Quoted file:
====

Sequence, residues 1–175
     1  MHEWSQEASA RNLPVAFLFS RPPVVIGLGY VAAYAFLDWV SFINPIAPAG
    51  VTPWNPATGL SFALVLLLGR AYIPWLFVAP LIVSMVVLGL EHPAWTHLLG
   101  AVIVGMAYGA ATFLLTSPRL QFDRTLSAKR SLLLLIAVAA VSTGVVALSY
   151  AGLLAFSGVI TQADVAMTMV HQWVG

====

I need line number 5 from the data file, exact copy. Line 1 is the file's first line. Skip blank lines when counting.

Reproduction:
   151  AGLLAFSGVI TQADVAMTMV HQWVG